By Philip F. Riley
Midway via his reign, within the severe decade of the 1680s, the lusty photo of Louis XIV paled and used to be changed via that of a straitlaced monarch devoted to locking up blasphemers, borrowers, gamblers, and prostitutes in wretched, foul-smelling prisons that allotted abundant doses of Catholic-Reformation advantage. the writer demonstrates how this assault on sin expressed the punitive social coverage of the French Catholic Reformation and the way Louis's activities clarified the felony and ethical differences among crime and sin.
As a hot-blooded younger prince, Louis XIV paid little consciousness to advantage or to sin and, regardless of his adored identify of God's so much Christian King, violations of God's 6th and 9th Commandments by no means afflicted him. certainly, for the 1st twenty years of his reign, he paraded a circulation of royal mistresses ahead of all of Europe and fathered 16 illegitimate youngsters. but, halfway via his reign, within the serious decade of the 1680s, the lusty photo of Louis XIV paled and used to be changed through that of a straitlaced monarch devoted to locking up blasphemers, borrowers, gamblers, and prostitutes in wretched, foul-smelling prisons that allotted considerable doses of Catholic-Reformation virtue.
Using police and criminal records, administrative correspondence, memoirs, and letters, Riley describes the formation of Louis's slender sense of right and wrong and his efforts to shield his topics' souls by means of attacking sin and infusing his state with advantage, specifically in Paris and at Versailles. all through his assault on sin, women--so-called infantrymen of Satan--were the distinct goals of the police. via the 17th century, fornication and adultery had develop into completely lady crimes; males in charge of those sins have been hardly punished as significantly. even though unsuccessful, Louis's assault on sin clarified the felony and ethical differences among crime and sin in addition to the futility of implementing a religiously encouraged social coverage on an irreverent, secular-minded France.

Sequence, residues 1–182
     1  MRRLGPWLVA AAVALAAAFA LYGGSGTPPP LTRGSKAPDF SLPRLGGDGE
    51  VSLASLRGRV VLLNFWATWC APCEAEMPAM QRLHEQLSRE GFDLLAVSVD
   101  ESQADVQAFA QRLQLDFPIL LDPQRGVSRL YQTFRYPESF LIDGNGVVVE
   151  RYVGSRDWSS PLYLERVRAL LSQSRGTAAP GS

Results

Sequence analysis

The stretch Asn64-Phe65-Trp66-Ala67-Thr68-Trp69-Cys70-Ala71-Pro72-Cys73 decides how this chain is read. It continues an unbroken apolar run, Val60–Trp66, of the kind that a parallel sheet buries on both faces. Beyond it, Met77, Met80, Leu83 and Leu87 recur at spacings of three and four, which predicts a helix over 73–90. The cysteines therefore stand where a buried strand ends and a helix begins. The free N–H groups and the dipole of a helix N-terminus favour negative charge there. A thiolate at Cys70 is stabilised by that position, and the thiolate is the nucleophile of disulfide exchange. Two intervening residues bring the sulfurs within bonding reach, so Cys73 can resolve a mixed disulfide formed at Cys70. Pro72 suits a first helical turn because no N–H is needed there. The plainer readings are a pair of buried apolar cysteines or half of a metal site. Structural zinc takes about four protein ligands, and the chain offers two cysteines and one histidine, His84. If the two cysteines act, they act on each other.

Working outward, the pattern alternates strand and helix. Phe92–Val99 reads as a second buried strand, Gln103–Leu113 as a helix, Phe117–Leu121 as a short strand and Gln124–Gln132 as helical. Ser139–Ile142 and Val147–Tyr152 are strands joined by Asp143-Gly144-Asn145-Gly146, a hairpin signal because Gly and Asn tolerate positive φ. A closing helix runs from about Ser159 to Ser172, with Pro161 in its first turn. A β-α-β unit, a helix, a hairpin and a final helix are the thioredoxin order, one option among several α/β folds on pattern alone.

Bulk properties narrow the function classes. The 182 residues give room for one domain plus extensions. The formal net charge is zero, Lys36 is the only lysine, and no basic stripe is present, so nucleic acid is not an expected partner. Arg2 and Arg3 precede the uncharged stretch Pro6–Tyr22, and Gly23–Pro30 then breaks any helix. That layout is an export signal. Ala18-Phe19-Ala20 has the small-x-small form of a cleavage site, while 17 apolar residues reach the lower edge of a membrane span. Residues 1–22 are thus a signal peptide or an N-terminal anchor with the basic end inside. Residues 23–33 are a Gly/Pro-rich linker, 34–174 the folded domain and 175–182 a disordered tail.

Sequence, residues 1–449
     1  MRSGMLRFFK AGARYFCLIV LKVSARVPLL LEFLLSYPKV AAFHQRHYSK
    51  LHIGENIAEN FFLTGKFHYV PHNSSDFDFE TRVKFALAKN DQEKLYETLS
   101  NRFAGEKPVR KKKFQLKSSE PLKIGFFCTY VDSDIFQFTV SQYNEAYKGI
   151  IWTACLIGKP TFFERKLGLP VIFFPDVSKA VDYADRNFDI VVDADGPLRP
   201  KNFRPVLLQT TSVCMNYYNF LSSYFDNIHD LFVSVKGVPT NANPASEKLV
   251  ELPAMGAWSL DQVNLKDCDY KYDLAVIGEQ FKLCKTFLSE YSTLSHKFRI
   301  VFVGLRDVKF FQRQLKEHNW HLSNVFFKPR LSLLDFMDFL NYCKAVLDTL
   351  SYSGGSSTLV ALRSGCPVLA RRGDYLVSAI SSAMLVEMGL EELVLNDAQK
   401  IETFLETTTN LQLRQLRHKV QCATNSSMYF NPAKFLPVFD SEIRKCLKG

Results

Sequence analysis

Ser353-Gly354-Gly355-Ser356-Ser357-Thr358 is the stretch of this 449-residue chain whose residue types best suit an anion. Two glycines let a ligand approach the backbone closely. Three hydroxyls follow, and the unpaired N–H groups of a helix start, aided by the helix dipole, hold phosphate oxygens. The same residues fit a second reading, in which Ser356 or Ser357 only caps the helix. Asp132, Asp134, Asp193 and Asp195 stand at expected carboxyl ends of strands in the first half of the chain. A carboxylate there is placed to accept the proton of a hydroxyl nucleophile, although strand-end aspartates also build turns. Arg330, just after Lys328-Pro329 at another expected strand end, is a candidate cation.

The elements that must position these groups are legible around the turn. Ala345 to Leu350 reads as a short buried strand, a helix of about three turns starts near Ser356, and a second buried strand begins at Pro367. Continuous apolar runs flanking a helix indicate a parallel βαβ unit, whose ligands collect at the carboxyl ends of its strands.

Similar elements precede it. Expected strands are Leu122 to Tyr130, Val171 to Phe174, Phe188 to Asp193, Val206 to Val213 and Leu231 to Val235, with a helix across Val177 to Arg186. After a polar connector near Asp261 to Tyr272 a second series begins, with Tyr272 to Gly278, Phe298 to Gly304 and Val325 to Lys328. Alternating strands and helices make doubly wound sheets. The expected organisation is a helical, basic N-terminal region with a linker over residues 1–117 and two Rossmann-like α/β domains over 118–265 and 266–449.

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Additional resources for A Lust for Virtue: Louis XIV’s Attack on Sin in Seventeenth-Century France
Now he called for help from his assistants. René and François were cut down from their crosses, their legs bent under their torsos so that their heels now touched the back of their skulls. Each mutilated body was then carried to the front of the scaffold, where it was lashed to the spokes of the wheel. Guillaume knew that if he tied the ropes tightly the Touchets would die in a few hours, the boisterous crowd would then be satiated, and he could be home before nightfall. , however, neither brother was dead.
Though often arbitrary and capricious, the commissaires’ method of policing was simple and direct. In Louis XIV’s Paris no complicated proof was needed to arrest and imprison sinners. To improve their morale and increase the prestige of his police officers, La Reynie prevailed upon the king to increase the commissaires’ wages and perquisites. Stylish uniforms, complete with smart capes and jaunty square caps, once worn only for ceremonies, were now encouraged for daily patrol. Beginning in 1668, the commissaires were even permitted to keep their hats on when entering the Châtelet; and in 1674 all commissaires with twenty years’service were accorded all the privileges of a military veteran’s status including the right to buy tax-free salt.
Nighttime illumination, bridge inspection, waste removal, prison administration, water supply, and neighborhood security were the key topics addressed. Colbert, ever-mindful of cost and efficiency, urged that Swiss mercenary soldiers, presently idle in bivouac, be moved to Paris to police the city and attack street crime. But the specter of uni- 18 A Lust for Virtue formed Swiss ordering Parisians about the streets of the city could well spark a riot, and Colbert’s overly efficient suggestion was wisely omitted from Séguier’s final report.